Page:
It wasn’t clear how to I was gripped with the desire to further study this, but life was crazy. My wife and I had buried both of our fathers in the year preceding my defense, our son Oliver had been born, and we were being threatened with eviction as Cambridge real estate and rents skyrocketed. By in vitro transcription, I synthesized a small piece of RNA centered around the gene8 start site and sent it to Peter Previlege to try in his in vitro assembly reactions, but the result was negative. In my wildest imaginings (if this is not enough…) I visualized the whole late messenger RNA as a complex dynamic machine channeling proteins to assembly sites formed at least in part by the RNA itself. To his credit, Jon was receptive to my musings, but we had no idea how to approach or test the idea experimentally. We had a viable 1—deletion mutant, del1, which made a shorter gp1 distinguishable from WT by SDS gel electrophoresis. I crossed del1 into several different amber mutation backgrounds on the hunch that nonsense termination somewhere on the late RNA might affect assembly: If the message was somehow participating in the channeling of its own protein products to assembly initiation site(s), a cis-effect on the recovery of gp1 might be observable if an amber mutation in a highly dynamic site on the messenger disrupted such a channeling. I don’t think I presented the results of these experiments in group meeting, but the first experiment (effect of an 8—amber mutation, if I remember right) showed no effect. In a second experiment, 9—amber mutation did seem to show a modest effect—but I didn’t manage to repeat the experiment. I must have showed it to Jon, however, as he later sent me the notebook with this work in it in case I ever wanted to follow up on it, but the exigencies of life intervened and I never got back to it.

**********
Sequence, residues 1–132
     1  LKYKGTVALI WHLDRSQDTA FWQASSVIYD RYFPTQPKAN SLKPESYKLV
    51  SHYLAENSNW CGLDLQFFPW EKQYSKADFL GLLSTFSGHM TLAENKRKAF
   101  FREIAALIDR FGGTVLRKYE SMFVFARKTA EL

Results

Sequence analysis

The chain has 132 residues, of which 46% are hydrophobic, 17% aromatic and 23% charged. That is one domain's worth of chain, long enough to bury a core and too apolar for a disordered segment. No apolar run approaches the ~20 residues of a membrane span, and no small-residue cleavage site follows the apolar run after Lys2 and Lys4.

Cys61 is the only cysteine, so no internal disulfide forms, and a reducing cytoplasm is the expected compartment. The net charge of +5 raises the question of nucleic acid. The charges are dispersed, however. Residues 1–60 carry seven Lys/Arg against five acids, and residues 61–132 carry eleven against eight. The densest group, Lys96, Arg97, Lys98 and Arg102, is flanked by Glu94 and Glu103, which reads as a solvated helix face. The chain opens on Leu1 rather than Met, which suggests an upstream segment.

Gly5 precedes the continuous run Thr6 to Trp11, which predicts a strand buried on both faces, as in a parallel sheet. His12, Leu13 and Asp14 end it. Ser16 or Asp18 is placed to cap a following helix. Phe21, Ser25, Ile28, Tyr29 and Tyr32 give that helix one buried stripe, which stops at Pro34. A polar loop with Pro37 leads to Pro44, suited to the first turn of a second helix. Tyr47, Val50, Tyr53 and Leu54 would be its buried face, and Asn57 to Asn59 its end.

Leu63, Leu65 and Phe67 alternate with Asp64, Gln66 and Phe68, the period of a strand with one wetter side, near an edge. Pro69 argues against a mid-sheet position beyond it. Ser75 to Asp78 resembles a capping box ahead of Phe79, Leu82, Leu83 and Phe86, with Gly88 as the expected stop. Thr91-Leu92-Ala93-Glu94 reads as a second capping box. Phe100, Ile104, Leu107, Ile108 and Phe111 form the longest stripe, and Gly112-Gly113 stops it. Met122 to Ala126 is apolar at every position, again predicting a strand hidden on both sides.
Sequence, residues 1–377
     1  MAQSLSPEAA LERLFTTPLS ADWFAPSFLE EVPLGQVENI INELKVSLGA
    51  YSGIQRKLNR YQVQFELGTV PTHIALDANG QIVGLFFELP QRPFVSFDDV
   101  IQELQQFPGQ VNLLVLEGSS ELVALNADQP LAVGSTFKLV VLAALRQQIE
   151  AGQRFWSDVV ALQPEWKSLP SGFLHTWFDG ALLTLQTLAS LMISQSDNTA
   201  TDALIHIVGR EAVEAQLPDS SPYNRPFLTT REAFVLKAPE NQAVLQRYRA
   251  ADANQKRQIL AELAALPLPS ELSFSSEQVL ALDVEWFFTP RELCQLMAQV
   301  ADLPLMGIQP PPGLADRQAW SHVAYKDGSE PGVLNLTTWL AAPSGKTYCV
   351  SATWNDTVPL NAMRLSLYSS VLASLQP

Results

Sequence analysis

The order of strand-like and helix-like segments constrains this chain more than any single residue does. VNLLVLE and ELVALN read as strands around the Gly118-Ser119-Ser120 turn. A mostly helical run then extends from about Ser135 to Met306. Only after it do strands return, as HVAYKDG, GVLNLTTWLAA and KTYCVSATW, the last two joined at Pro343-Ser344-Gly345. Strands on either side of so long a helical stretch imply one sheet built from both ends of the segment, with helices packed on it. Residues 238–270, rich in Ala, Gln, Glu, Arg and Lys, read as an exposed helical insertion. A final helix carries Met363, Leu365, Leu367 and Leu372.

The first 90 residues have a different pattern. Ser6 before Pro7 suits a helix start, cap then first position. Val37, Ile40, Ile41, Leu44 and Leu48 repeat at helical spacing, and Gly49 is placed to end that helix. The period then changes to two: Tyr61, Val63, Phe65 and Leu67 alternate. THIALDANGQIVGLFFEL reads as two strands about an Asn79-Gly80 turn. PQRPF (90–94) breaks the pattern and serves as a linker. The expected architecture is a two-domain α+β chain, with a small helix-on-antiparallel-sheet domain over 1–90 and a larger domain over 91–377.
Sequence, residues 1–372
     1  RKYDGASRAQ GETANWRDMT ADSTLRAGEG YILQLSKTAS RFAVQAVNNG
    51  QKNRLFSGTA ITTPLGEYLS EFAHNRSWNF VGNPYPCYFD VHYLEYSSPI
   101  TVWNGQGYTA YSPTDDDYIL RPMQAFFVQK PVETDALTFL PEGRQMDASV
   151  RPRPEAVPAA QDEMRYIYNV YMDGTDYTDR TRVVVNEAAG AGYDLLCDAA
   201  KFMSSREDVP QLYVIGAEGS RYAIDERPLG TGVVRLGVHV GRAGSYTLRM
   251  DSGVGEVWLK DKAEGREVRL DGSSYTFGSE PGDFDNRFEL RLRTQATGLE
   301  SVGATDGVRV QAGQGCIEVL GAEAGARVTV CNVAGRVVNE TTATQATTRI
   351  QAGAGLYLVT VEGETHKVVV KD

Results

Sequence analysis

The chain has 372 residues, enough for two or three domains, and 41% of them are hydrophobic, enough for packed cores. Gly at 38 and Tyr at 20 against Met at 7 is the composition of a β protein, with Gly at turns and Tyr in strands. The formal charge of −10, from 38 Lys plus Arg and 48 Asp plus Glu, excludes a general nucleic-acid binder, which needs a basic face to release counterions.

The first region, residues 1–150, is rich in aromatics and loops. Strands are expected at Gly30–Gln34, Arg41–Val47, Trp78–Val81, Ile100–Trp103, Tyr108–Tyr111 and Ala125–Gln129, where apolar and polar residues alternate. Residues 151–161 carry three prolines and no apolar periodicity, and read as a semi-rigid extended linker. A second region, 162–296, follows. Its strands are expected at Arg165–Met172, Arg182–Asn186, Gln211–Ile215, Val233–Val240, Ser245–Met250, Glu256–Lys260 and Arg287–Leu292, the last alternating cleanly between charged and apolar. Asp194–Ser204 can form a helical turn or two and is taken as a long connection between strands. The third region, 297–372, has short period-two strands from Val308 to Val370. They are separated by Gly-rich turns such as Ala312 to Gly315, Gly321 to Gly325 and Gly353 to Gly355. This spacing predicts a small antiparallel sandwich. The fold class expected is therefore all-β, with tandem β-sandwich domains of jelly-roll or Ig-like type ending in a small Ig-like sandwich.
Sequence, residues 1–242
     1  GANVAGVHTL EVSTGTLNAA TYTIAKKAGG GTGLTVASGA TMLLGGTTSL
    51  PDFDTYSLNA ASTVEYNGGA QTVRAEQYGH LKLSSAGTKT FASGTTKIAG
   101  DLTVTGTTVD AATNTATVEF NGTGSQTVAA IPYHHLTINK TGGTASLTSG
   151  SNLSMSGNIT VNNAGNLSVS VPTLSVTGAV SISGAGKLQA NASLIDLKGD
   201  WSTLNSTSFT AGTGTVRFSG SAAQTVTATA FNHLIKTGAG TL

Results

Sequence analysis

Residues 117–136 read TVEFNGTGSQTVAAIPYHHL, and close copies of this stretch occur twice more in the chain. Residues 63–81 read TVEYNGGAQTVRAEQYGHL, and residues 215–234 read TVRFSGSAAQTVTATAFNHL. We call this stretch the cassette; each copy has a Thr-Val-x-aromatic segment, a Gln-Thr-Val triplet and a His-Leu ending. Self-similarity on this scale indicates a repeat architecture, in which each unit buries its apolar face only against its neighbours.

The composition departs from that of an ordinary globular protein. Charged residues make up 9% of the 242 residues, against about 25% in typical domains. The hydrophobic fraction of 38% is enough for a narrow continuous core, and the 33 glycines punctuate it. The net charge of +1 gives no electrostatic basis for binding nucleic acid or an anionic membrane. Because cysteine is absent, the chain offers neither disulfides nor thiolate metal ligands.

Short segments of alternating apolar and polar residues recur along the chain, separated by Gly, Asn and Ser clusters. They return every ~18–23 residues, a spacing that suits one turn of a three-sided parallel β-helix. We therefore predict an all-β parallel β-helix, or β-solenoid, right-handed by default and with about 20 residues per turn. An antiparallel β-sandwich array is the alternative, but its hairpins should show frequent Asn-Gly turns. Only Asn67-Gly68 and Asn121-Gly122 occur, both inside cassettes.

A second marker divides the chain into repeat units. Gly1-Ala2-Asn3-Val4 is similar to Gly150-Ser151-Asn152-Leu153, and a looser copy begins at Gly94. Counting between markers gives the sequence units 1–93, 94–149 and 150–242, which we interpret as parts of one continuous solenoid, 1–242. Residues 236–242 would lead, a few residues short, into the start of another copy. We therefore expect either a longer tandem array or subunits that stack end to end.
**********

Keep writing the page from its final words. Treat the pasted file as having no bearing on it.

In my retirement in Seattle, I hope to find a lab that will sponsor a “playpen” for me. A hot topic in cell biology these days is the meta-organizational cellular rearrangements commonly referred to as “phase transitions”. There’s a strong consensus that most, if not all cellular phase transitions require RNA synthesis, indicating the participation of RNA molecules in these processes. The centrosome, organizing/control center for microtubule assembly initiation, may be a “compartment” operating on the phase transition principle. The assembly of phage proheads in an RNA organized cloud/compartment could be a simple prokaryotic model for cellular morphogenesis associated with RNA-dependent phase changes.
I thank all my fellow journeyers from the King Lab: David Goldenberg, Donna Smith, Harlee Strauss, Ed Loechler, Erika Hartwieg, Myeong-Hee Yu, Ben Fane, Peter Prevelige, Cammi Haase. I hope you are all well. Life goes by fast!